Facebook Inc. was sued by Kickflip Inc., which does business as Gambit, over claims the social-networking company broke antitrust laws in the virtual-currency market.
Gambit was the leading virtual currency and payment-processing provider to software developers that published games on Facebook and other social networks. Facebook’s decision in 2009 to offer its own services to developers destroyed a “vibrant and competitive market,” lawyers for Kickflip said in court papers made public today in federal court in Wilmington, Delaware.
“Facebook leveraged its dominance in the social-game marketplace to control and dominate the separate market for virtual-currency services,” Kickflip lawyers said. “As the result of Facebook’s actions, Gambit’s business was destroyed.”
Virtual-currency services allow social-game developers to issue currency to game players in exchange for direct payment or participation in third-party advertising offers. By mid-2009 at least 20 virtual-currency service providers were available to social-game developers, according to the complaint.
Facebook’s service charged developers a 30 percent fee and provided only a narrow range of services, Kickflip said in its complaint. Facebook forced its competitors to the sidelines by “blacklisting” Gambit and forcing developers to switch to its services exclusively in 2009 and 2010.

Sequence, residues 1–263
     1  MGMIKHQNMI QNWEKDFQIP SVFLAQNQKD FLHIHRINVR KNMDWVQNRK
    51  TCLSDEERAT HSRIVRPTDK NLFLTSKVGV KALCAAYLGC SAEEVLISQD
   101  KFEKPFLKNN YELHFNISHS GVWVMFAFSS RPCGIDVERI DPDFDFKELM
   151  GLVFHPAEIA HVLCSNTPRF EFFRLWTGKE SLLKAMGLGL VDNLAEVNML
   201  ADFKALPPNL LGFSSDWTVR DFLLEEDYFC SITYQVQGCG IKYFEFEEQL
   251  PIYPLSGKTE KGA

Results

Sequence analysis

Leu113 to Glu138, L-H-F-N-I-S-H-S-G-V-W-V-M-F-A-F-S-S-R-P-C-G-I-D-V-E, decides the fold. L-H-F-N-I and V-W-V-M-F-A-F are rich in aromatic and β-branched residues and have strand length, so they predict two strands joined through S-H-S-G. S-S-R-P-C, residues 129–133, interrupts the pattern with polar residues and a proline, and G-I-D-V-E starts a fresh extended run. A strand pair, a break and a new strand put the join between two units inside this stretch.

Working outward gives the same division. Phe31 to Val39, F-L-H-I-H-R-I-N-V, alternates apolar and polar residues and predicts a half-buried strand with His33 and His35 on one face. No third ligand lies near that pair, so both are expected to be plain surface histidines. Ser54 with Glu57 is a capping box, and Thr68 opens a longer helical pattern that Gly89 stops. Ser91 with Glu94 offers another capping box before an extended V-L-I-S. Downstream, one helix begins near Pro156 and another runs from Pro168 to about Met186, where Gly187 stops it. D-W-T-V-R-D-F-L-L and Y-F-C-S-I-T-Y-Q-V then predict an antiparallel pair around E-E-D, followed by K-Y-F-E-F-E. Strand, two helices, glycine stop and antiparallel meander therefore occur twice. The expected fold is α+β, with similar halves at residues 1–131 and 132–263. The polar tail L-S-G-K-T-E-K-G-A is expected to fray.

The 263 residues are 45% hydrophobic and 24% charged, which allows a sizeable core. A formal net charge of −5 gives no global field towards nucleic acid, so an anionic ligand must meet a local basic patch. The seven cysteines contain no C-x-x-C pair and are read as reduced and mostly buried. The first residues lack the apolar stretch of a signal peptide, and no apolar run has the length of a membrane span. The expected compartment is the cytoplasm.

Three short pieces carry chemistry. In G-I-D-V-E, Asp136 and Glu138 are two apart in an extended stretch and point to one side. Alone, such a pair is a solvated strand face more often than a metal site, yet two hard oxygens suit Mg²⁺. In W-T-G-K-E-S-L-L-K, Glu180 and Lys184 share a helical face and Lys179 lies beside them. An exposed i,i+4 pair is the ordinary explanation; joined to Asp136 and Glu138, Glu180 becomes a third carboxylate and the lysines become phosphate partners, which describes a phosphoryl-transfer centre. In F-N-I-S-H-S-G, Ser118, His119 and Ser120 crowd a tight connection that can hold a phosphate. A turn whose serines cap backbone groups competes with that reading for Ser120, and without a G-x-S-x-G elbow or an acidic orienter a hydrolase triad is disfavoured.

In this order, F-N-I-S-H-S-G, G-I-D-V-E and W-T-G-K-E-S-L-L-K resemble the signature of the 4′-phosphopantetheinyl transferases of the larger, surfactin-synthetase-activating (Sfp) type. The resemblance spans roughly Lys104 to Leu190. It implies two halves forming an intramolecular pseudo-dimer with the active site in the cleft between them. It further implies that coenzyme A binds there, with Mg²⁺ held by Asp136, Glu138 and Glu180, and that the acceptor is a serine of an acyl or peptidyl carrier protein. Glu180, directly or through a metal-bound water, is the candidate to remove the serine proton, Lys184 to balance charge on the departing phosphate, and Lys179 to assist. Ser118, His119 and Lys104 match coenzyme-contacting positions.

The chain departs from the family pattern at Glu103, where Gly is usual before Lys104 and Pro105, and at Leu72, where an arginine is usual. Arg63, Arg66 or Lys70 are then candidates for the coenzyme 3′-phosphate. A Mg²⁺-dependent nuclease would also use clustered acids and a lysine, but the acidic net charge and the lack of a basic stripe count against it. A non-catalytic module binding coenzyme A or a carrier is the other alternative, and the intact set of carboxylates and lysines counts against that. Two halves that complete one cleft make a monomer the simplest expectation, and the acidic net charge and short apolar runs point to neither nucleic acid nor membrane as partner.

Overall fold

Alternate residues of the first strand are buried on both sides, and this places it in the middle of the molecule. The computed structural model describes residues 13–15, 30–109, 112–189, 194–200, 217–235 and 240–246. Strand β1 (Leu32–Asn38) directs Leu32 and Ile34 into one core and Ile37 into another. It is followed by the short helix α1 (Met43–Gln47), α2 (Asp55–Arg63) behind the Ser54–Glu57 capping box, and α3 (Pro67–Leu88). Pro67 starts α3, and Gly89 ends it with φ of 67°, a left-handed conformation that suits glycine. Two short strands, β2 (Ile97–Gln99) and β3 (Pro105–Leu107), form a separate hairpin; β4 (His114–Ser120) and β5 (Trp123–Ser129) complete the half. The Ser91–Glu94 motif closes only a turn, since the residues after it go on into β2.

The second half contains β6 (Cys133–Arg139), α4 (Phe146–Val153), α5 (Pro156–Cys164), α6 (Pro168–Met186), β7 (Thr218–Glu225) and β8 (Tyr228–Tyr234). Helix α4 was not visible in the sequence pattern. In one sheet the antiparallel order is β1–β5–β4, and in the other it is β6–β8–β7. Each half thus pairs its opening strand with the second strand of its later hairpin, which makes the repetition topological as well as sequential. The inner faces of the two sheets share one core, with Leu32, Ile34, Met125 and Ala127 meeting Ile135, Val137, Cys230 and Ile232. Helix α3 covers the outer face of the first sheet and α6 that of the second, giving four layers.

Kickflip, based in Austin, Texas, is asking a judge to bar Facebook from enforcing its policy and award unspecified damages, according to the complaint.
The complaint “is without merit,” Andrew Noyes, a spokesman for Menlo Park, California-based Facebook, said in an e-mailed statement. The company plans to defend the claims, Noyes said.
The case is Kickflip Inc. v. Facebook Inc., U.S. District Court, District of Delaware (Wilmington).